And so, the media has taken its cue from the “Committee of Experts,” conducting a campaign of spreading blatant propaganda, advocating for slashing public pensions using the formula the “Experts” have calculated. In effect, implementing the Committee’s recommendations would mean applying the most pronounced pension cuts in a country of the EU-15 that spends least on pensions. These newspapers have even invited leaders in the banking and insurance industries to contribute their “views” on the viability of pensions. El Pais ran an article the same day it published its others pieces supporting cuts (June 7) that sought the opinion of aristocrat Comte Henri de Castries of the House of Castries, president and CEO of the insurance company AXA. His (very much solicited) opinion on the future of public pensions, as expected, predicted a catastrophic end to these pensions; he advised that the only option was turning to the insurance companies and banks to obtain a private retirement plan. The title of this piece was “Do you want a decent pension? Then save. The state will not give it to you.” This aristocrat has called for privatizing not only pensions, but all public services, claiming people have become “spoiled” and demand more than what the state can and should offer. And as if that was not enough, he emphasized that the public medical care system should serve only for emergencies (i.e. for the most expensive cases) and not for comfort—the quality of life—of the citizen. And to further accentuate the radical character of his arguments, he indicated that wages were too high, adding: “Where is it written that wages can only go up? (…) Salaries should also be able to descend.” He also, unsurprisingly, used the same argument in asserting that the mandatory retirement age was instituted over fifty years ago and, therefore, should be changed. It is curious that Castries and others making these arguments have not also mentioned how the working day of eight hours was designated in the nineteenth century over 100 years ago. Why not address this as well?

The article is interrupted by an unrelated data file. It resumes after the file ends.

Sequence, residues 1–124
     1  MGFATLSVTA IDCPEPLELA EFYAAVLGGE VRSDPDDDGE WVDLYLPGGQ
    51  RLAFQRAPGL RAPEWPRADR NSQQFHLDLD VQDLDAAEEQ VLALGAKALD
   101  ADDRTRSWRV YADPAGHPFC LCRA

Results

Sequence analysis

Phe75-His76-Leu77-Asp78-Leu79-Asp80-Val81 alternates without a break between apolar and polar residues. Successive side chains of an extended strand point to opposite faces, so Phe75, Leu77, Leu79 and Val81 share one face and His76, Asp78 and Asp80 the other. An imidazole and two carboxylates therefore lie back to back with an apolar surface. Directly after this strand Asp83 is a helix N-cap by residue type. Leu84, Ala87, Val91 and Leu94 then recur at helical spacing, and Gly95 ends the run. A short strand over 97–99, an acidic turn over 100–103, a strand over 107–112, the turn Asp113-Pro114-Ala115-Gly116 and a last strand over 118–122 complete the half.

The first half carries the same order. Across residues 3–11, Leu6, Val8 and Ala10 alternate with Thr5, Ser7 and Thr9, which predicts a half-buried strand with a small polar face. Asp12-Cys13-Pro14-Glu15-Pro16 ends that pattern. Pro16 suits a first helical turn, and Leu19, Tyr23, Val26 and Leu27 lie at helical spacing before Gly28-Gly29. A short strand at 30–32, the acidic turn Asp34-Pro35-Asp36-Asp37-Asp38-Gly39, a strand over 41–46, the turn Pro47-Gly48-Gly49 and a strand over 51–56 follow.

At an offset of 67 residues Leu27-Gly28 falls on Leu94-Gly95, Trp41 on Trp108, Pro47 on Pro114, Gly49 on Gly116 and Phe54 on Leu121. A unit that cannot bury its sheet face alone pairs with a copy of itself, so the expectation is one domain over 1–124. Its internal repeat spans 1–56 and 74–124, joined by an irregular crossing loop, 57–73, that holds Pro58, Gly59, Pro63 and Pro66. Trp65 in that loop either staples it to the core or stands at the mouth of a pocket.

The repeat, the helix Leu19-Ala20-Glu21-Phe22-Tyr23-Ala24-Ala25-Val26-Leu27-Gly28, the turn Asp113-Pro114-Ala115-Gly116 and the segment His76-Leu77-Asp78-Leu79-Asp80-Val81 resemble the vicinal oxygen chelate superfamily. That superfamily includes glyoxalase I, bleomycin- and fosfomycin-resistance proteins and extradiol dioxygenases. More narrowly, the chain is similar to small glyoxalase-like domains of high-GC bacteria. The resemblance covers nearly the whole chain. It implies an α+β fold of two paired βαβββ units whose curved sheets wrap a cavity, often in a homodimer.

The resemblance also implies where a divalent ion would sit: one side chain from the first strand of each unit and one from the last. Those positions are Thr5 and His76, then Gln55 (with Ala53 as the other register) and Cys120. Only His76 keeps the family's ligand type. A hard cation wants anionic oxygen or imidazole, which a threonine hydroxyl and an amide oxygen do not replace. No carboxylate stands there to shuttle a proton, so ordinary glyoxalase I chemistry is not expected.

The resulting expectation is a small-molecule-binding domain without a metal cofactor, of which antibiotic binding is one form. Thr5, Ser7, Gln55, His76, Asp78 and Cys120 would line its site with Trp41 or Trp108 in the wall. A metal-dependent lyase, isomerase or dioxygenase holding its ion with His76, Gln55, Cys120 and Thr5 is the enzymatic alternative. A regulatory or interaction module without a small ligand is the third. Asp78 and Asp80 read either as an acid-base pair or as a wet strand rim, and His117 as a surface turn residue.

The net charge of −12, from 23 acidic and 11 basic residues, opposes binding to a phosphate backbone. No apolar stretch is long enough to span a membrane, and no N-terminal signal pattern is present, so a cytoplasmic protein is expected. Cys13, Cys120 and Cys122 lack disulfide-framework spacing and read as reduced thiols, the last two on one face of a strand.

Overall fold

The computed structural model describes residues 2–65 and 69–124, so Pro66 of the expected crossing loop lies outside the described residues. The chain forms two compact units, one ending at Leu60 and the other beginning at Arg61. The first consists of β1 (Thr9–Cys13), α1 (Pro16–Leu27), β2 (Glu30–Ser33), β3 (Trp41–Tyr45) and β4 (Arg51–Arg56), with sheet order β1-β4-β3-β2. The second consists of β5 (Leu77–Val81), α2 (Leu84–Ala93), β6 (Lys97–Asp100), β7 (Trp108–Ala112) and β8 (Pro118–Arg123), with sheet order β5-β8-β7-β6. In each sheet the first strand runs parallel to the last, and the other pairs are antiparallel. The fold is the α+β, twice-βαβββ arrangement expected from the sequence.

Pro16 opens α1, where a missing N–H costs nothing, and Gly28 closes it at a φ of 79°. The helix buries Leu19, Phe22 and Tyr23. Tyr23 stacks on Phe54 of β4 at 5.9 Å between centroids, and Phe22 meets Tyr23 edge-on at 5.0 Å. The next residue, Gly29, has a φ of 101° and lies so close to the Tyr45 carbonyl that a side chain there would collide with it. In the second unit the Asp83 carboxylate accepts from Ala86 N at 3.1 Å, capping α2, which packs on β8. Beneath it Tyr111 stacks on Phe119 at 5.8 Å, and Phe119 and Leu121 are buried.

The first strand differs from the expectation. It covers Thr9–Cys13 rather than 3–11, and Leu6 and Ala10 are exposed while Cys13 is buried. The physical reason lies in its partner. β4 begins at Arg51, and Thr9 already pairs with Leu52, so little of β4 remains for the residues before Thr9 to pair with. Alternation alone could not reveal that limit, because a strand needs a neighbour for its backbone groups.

Castries’ contribution is the finishing touch on the ideological war waged against pensions. Needless to say, this campaign lacks the slightest democratic sensibilities and reflects an arrogance that characterizes the Spanish establishment. This arrogance is unique to Spain out of the entire EU-15. Spain has one of the poorest welfare states of the fifteen, with some of the lowest salaries and pensions, and yet there are still campaigns for further cuts. At this point, it is necessary to mobilize the classes, and encourage demonstration against a media that disseminates misinformation throughout Spain. The media is obviously a key part of the problem and the people should hold it accountable. A strengthened democracy in Spain requires a significant overhaul of a less than democratic media; currently, the media provides much more propaganda than information.

Contrary to Spanish media claims, the vast majority of international experts on Social Security issues do not defend the view that public pensions are implausible (see Social Security: The Phony Crisis by Dean Baker and Mark Weisbrott from University of Chicago Press, and the book What You Should Know So They Don’t Steal Your Pension by Vicente Navarro and Juan Torres from Espasa Press). Quite the contrary: today, Spain allocates very little towards pensions, and pensions, including those with employee contributions, are low. The evidence in that regard is overwhelming. Still, any voices that question the conventional or mainstream “wisdom” in Spain have marginalized; the financial, political and media establishments are very well aware that their fragile and flawed arguments are easily dismantled, and can only survive if they are enabled and endorsed by an aggressive media. They are determined to quash reason and truth to pursue their own interests at the expense of democracy.